Farmer in Long An Province’s Khánh Hưng Commune harvest linh fish during the flooding seasonThis year, floodwaters caused by heavy rains and water of the Mekong River have been rising at alarming levels, submerging thousands of hectares of rice and crops and causing losses for farmers in Mekong Delta provinces.
The water levels, which are higher than the average over the past decade, are forecast to reach warning Level 2 on the Tiền and Hậu rivers in the next few days.
Since early last month, flooding has struck An Giang, Đồng Tháp and Long An provinces. Local farmers have been relieved as increasing water helps wash away saline residue and brings in aquatic resources.
In the past two years, floods were either low or non-existent, causing severe drought and saline intrusion.
However, early and powerful flooding has caused unpredictable impacts for farmers.
Trương Bảo Đừng, a farmer in An Phú District’s Vĩnh Hậu Commune in An Giang Province, said he set up a net of 20 metres to catch linh fish, a speciality in flood season, but had only caught one or two kilogrammes per day.
“The water is about 1.2 metres higher than the previous year and flowing very fast, sweeping away most of the fish out of the net,” he said.
Nguyễn Văn Cơi, another farmer in the commune, is in the same situation. Cơi said he only caught three or four kilogrammes of tiny fish, earning VNĐ50,000 (US$2.1) per day.
Normally, he could earn up to VNĐ200,000 ($8.6) per day.
Flooding has also affected the crops. Some 8,000 out of 111,000 hectares of rice are located outside the dyke system and at risk of being flooded. In Đồng Tháp Province, at least 150 hectares of crops outside dyke-protected areas have been submerged. Many dykes are likely to be affected by floods, forcing farmers to make an early harvest.
Solutions pose challenges
Over the years, farmers have been encouraged to plant three crops per year instead of four as usual to give the soil a rest. During this time, the water from the floods would enter the closed embankment and bring alluvium, fish and other aquatic resources to the region, improving productivity of crops and fishery resources for farmers.
However, after two years of facing drought due to low flood, many farmers have planted fruit trees instead of letting the soil rest and regain nutrition as the Ministry of Agriculture and Rural Development encouraged.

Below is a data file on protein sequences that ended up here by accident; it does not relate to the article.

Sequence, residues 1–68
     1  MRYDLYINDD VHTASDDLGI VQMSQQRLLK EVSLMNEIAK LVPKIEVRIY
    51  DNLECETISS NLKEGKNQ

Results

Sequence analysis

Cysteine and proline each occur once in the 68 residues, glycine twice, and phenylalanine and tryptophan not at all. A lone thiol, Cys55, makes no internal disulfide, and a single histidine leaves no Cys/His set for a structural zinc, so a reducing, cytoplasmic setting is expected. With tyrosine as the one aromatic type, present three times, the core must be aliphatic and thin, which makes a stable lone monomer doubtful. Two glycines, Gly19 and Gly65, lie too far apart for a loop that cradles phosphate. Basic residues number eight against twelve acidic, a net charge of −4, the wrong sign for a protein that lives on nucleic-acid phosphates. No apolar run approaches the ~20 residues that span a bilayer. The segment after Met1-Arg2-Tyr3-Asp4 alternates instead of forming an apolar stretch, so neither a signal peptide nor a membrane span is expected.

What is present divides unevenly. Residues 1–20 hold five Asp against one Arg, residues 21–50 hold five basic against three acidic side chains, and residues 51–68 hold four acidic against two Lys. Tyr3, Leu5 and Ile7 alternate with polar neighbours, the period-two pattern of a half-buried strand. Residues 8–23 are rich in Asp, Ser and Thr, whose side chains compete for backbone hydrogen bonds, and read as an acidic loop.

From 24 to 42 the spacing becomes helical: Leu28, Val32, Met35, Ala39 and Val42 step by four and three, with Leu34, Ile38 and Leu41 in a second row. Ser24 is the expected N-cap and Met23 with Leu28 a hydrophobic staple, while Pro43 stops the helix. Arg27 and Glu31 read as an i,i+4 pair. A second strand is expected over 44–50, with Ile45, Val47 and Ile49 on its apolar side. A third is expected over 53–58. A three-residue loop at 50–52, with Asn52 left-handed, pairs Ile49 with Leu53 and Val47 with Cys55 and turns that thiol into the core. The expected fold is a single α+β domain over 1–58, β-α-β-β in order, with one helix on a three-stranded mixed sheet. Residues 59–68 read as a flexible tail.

Phạm Thành Tâm, deputy head of An Phú District’s Agricultural Office, said many farmers whose crops are located in dyke-protected areas have asked authorities to stop discharging water as they had switched to fruit trees.
Lê Văn Nê, farmer in Đa Phước Commune, said floodwaters have not been discharged for years. Nê has spent VNĐ240 million ($10,320) to switch his rice crop into fruit trees on 1.2 hectares of soil since early this year to get more profit.
He has asked local authorities to keep pausing the discharge of floodwaters.
Total cultivated land in the commune is nearly 1,300 hectares. About 220 hectares of rice crops have been switched to fruit trees and subsidiary crops, with the farmers who haven’t losing out.
As a result, the ministry has targeted restructuring agricultural production in the Mekong Delta to be suitable with climate change and floodwaters.
In An Giang, five models of diversified livelihoods, which combine rice crops and shrimp farms and mushrooms and grass for cows, will be implemented in areas outside of dykes in Vĩnh Hậu, Vĩnh Lộc and Phú Hữu communes in An Phú District.
The development of diversified livelihoods for farmers in low-lying areas is an urgent task. This would help ensure the lives of farmers, improve the quality of soil thanks to the floodwaters and ensure rice production in the region, which is considered the country’s rice granary.
More measures needed
According to the ministry’s General Department of Irrigation, five irrigation projects with total capital of more than VNĐ4.7 trillion ($202 million) are needed to help farmers in the Mekong Delta live with floods.
Trần Anh Thư, director of An Giang Province’s Department of Agriculture and Rural Development, said the province was conducting a project to improve the water adaptability and management of the upstream areas in the Mekong River in An Phú District.
It plans to focus on investing in dykes and embankments for floodwater storage.
In addition, policies on supporting and creating faith for farmers to implement the new livelihoods needed priority, experts said. Local authorities in the Mekong Delta should encourage co-operatives to apply the new models.
Local authorities should work with other sectors to attract enterprises to invest in the model from building processing factories to consumption and export to create more profit for farmers, they said.
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